ὃ ἐὰν δήσῃς κ.τ.λ. ‘To bind’ (cp. ch. Matthew 23:4) is to impose an obligation as binding; ‘to loose’ is to declare a precept not binding. Such expressions as this were common: ‘The school of Shammai binds it, the school of Hillel looses it.’ The power is over things, not persons. The decisions of Peter, as an authorized Scribe of the Kingdom of God will be ratified in heaven. Such decisions of the Scribes of the Kingdom of Heaven were the sentence pronounced by James, Acts 15:19, and the judgments of Paul in the Corinthian Church.

Compare with this passage John 20:23, λάβετε πνεῦμα ἄγιον, ἄν τινων ἀφῆτε τὰς ἁμαρτίας ἀφέωνται αὐτοῖς· ἄν τινων κρατῆτε κεκράτηνται, where the reference is to the judicial authority of the apostles; here a legislative power is conferred. Observe carefully the force of the perfect ἀφέωνται and κεκράτηνται, ‘whosesoever sins ye shall remit, they have been remitted.’ Your spiritual σύνεσις will enable you to recognise and ratify the divine judgment on offending persons. So here note the future perfect ἔσται δεδεμένον. your decision will have been anticipated in heaven.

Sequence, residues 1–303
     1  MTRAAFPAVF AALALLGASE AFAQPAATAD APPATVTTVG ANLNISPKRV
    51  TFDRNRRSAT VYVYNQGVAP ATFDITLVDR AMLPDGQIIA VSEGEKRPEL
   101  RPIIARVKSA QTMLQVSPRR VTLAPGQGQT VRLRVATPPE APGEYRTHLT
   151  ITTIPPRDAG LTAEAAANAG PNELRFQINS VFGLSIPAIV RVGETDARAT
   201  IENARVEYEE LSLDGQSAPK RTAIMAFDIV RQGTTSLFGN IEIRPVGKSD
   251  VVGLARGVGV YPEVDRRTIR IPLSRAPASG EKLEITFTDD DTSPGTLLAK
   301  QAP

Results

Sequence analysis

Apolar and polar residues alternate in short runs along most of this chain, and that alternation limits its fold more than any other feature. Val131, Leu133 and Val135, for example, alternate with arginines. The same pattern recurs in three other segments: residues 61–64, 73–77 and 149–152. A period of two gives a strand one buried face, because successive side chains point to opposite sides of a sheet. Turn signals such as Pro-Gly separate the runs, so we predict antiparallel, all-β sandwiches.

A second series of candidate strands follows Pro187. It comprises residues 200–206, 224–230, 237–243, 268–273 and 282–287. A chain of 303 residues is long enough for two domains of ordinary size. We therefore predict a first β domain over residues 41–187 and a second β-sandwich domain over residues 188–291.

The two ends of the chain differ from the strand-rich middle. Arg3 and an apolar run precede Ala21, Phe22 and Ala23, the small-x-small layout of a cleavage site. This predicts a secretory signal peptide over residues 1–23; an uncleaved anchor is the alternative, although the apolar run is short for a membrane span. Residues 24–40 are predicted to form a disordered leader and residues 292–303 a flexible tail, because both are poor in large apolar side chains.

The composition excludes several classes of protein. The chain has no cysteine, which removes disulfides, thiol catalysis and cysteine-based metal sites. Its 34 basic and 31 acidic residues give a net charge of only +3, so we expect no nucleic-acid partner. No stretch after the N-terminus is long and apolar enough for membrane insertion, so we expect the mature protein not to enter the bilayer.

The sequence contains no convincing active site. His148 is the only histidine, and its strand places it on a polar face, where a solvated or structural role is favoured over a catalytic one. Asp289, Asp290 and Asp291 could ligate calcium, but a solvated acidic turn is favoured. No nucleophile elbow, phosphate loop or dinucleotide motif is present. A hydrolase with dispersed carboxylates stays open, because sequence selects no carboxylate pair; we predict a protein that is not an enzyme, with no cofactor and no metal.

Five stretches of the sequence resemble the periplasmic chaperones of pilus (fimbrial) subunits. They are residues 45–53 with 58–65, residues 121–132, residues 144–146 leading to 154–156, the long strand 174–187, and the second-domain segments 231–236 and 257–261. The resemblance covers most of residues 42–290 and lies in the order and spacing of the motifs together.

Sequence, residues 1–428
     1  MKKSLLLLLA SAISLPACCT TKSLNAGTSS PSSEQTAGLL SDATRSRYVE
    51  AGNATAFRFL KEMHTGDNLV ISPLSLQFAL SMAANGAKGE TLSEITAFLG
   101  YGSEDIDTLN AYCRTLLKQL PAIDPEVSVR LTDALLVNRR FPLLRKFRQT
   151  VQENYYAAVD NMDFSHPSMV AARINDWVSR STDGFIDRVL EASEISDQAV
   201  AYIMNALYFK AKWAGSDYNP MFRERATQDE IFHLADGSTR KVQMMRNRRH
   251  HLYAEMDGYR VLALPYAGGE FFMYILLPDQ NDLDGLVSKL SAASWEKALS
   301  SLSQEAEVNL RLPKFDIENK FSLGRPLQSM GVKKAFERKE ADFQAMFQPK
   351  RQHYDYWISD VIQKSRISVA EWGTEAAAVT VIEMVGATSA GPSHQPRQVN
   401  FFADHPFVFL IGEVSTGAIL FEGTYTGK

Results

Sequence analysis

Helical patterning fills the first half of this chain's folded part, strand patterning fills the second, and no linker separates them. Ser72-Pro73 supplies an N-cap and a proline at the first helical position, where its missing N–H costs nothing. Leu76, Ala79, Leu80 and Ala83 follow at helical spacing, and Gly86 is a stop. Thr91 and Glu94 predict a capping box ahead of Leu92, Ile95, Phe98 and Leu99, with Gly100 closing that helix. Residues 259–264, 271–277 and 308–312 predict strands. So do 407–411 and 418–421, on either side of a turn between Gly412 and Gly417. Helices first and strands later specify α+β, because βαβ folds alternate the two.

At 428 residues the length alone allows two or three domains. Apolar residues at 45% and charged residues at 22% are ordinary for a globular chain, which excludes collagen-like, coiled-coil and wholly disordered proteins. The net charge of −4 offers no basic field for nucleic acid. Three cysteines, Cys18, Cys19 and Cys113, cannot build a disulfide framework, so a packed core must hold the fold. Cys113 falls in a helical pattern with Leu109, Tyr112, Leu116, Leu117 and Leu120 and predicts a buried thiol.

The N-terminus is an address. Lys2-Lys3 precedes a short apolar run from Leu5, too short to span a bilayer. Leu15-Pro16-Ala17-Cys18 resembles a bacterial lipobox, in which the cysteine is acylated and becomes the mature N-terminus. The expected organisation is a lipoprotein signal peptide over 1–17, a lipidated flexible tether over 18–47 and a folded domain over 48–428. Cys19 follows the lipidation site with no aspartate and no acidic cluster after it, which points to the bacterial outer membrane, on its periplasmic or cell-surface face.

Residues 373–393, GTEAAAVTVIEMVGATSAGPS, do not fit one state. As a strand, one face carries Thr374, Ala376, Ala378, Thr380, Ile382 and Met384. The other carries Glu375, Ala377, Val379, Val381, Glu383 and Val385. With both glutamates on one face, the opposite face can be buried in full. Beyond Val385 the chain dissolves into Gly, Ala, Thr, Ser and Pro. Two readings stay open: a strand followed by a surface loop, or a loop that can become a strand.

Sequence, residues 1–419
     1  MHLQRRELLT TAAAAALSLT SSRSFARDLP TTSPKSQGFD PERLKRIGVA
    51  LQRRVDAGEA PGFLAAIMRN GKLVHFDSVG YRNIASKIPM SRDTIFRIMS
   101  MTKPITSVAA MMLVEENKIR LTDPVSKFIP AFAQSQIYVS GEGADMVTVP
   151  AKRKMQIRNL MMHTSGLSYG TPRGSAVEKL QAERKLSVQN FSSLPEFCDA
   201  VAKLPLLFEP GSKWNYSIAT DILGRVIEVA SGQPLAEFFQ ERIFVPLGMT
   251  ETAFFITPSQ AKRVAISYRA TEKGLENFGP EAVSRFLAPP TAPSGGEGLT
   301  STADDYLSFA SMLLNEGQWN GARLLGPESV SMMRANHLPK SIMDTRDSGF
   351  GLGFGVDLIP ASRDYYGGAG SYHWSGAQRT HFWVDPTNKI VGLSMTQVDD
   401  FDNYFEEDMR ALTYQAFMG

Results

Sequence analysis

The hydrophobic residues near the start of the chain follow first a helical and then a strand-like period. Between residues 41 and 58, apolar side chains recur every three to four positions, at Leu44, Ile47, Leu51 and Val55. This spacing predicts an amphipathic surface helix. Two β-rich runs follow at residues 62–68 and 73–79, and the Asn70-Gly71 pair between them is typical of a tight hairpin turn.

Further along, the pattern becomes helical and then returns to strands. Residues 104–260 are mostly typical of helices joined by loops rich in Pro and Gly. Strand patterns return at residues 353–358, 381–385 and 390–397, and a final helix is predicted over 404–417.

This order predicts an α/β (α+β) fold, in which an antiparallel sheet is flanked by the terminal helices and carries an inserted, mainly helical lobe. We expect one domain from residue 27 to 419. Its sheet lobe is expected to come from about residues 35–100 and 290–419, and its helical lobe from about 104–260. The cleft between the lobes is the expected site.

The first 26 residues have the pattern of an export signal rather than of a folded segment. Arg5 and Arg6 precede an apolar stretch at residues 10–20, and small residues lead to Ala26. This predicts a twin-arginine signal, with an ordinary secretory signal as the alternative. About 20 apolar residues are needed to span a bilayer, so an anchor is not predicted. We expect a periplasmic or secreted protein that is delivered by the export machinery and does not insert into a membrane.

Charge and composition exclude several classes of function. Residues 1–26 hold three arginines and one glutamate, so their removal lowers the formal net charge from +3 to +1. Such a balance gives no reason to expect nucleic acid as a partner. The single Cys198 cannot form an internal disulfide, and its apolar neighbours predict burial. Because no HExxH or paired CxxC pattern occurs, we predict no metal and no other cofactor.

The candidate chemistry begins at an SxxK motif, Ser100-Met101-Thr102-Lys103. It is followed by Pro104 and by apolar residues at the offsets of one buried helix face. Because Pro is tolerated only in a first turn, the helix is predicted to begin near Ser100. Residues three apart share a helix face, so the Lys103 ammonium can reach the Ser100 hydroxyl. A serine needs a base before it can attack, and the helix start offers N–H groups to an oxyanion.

Verse 20

20. ἵνα μηδενὶ εἴπωσιν ὅτι αὐτός ἐστιν ὁ Χριστός. Lest the Galilæan enthusiasm should endeavour to make Him a king.

Verse 21

21. ἀπὸ τότε. An important note of time. Now that the disciples have learned to acknowledge Jesus to be the Messiah, He is able to instruct them in the true nature of the Kingdom.